The Bouvier Affair evolved further last week when Russian billionaire and notable art collector Dmitry Rybolovlev launched a $380 million USD lawsuit against Sotheby’s.
Yves Bouvier, a Swiss arts dealer, has been alleged to have defrauded numerous of his clients by misrepresenting the costs of artworks and subsequently charging buyers grossly exaggerated prices. Lawsuits against Bouvier have been heard in courts across the globe from Monaco, to Singapore, to New York City, to Geneva since 2015.
The most prominent of Bouvier’s allegedly hoodwinked clients is Mr. Rybolovlev. Rybolovlev has claimed that Bouvier overcharged him as much as $1 billion USD in over $2 billion in sales over the span of several years. Now he has expanded his legal offensive to include Sotheby’s, with the art dealer now being targeted by his lawyers in this $380 million USD lawsuit.
Rybolovlev is claiming that Sotheby’s was involved in as many as 12 sales out of the 38 in which he bought works from Bouvier. The lawsuit against Sotheby’s alleges that the dealer was complicit in Bouvier’s purported efforts to misrepresent artworks’ values, by “materially assisting in the largest art fraud in history.”
Rybolovlev’s legal team is arguing that Sotheby’s encouraged Bouvier to give his clients inflated prices by giving him misleading and inaccurate appraisals of their value.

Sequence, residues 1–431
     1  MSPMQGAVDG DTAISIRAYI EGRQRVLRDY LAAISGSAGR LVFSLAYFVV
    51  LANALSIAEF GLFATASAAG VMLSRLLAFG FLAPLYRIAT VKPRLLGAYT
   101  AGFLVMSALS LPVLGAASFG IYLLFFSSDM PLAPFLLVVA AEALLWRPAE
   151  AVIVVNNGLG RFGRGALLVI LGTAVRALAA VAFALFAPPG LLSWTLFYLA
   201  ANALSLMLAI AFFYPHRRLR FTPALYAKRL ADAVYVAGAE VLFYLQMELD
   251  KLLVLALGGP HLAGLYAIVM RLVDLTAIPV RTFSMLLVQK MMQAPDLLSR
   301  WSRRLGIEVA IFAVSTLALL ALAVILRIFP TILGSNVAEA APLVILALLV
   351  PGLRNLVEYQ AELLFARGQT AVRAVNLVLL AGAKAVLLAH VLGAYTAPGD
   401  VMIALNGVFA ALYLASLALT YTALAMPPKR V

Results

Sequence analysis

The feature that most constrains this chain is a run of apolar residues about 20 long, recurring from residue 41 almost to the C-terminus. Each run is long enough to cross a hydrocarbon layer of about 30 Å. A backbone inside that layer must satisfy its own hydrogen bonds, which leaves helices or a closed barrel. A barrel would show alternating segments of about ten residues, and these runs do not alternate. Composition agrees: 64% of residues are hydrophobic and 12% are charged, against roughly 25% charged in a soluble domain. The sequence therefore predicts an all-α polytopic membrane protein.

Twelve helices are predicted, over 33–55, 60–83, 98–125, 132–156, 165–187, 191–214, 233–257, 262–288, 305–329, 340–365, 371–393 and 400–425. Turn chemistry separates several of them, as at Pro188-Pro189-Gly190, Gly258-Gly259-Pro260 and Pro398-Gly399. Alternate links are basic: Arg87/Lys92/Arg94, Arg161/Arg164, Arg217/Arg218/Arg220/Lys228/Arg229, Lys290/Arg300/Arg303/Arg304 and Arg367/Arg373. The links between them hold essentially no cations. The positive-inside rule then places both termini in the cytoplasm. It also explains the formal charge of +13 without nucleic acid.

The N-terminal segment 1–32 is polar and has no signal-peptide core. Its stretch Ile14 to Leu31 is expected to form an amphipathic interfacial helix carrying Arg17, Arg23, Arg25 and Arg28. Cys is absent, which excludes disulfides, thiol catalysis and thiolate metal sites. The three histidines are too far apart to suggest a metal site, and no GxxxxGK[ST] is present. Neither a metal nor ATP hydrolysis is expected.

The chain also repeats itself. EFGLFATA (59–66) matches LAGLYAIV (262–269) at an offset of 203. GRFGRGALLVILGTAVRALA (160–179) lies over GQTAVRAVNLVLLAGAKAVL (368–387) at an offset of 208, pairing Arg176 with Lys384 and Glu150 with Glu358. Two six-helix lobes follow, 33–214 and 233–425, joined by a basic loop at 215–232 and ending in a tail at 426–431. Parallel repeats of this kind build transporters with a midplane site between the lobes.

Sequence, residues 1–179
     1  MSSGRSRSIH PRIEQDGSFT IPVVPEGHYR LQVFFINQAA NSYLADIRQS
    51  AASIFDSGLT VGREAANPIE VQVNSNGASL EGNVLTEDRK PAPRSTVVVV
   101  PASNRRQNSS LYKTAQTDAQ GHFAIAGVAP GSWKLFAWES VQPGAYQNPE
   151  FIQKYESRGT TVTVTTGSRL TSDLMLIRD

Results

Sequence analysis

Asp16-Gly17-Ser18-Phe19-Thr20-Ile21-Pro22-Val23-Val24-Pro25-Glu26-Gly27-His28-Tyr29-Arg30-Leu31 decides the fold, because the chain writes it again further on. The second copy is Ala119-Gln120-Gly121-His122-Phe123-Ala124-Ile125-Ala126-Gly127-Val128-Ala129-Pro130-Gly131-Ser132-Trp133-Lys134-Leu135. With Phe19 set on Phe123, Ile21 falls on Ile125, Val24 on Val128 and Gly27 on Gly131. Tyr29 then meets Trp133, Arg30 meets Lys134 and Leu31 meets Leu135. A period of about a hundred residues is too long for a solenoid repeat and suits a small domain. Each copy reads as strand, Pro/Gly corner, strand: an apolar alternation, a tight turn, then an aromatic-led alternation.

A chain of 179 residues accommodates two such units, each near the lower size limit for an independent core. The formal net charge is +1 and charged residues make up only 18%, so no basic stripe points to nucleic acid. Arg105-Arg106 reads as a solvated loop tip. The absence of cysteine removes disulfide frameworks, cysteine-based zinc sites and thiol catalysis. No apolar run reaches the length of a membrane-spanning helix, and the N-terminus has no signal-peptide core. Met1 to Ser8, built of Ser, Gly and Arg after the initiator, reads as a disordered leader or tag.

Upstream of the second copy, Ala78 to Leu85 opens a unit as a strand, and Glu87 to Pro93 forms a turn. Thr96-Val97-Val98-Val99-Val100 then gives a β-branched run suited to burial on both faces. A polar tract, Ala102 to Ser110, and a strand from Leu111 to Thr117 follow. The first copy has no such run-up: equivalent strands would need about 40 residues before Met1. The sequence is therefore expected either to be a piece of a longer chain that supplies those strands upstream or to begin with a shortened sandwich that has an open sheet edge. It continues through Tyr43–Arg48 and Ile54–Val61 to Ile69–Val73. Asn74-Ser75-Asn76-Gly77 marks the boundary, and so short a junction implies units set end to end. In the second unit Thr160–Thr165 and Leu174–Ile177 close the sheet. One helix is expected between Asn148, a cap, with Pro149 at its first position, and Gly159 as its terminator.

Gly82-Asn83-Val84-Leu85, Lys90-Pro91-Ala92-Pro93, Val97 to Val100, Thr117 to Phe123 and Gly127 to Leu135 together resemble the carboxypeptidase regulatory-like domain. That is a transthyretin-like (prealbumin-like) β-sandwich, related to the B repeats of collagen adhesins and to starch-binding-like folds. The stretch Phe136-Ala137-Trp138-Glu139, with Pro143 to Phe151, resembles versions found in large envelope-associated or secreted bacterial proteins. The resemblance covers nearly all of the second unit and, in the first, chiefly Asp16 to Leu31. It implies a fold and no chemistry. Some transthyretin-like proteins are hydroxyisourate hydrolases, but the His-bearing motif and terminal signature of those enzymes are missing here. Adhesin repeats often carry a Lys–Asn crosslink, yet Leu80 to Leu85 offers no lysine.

Sotheby’s is rejecting the Russian billionaire’s allegations in their entirety, calling the lawsuit “desperate” and “without merit”. They have stated that they will ask the New York judge for the case’s immediate dismissal.
Sotheby’s, which launched a joint lawsuit with Bouvier intended to pre-empt Rybolovlev’s coming legal onslaught in Geneva last year, is arguing that the current proceedings in the Swiss courts, and other courts internationally – involving Bouvier and Rybolovlev – are sufficient for the affair’s ultimate resolution.
Rybolovlev’s action against Sotheby’s is citing several of the major sales that the latter helped facilitate, including an Amadeo Modigliani he bought in 2011 for $118 million USD and a Gustav Klimt he bought in 2012 for $183.3 million USD.
The recently launched suit even cites the Salvator Mundi, which was key last year when part of the Bouvier Affair was closed by US federal prosecutors. Rybolovlev successfully oversaw the sale of Leonardo da Vinci’s Salvator Mundi for $450 million USD, which he had bought in 2013 from Bouvier for $128 million USD. At the time, Rybolovlev was in the process of arguing in the courts that Bouvier had grafted $40 million USD out of him in the aforementioned 2013 sale – an alleged shortchanging that could only be called farcical after Rybolovlev turned around and sold the work for nearly half a billion dollars. US prosecutors thus closed the case, but the affair is anything but over with this new lawsuit against Sotheby’s and the dispute unresolved in Monaco, Switzerland, Singapore, and France.
Sotheby’s shares have declined steadily since the announcement of Rybolovlev’s suit last Tuesday, dropping from $49.31 USD to $44.72 by October 8th.